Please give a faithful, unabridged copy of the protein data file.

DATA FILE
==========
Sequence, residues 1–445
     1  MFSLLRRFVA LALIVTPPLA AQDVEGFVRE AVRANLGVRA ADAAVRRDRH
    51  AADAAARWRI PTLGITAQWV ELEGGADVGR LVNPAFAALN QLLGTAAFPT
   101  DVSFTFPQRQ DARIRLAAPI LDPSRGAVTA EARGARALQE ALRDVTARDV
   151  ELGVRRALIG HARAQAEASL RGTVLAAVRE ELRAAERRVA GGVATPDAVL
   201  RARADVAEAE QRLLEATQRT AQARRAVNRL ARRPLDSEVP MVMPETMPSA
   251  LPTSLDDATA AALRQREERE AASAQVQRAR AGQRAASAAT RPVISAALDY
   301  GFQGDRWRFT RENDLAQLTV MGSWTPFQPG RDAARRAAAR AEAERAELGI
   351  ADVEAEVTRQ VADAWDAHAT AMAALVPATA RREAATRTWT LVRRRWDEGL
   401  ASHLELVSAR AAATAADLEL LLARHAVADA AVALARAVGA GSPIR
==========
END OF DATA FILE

Sequence, residues 1–445
     1  MFSLLRRFVA LALIVTPPLA AQDVEGFVRE AVRANLGVRA ADAAVRRDRH
    51  AADAAARWRI PTLGITAQWV ELEGGADVGR LVNPAFAALN QLLGTAAFPT
   101  DVSFTFPQRQ DARIRLAAPI LDPSRGAVTA EARGARALQE ALRDVTARDV
   151  ELGVRRALIG HARAQAEASL RGTVLAAVRE ELRAAERRVA GGVATPDAVL
   201  RARADVAEAE QRLLEATQRT AQARRAVNRL ARRPLDSEVP MVMPETMPSA
   251  LPTSLDDATA AALRQREERE AASAQVQRAR AGQRAASAAT RPVISAALDY
   301  GFQGDRWRFT RENDLAQLTV MGSWTPFQPG RDAARRAAAR AEAERAELGI
   351  ADVEAEVTRQ VADAWDAHAT AMAALVPATA RREAATRTWT LVRRRWDEGL
   401  ASHLELVSAR AAATAADLEL LLARHAVADA AVALARAVGA GSPIR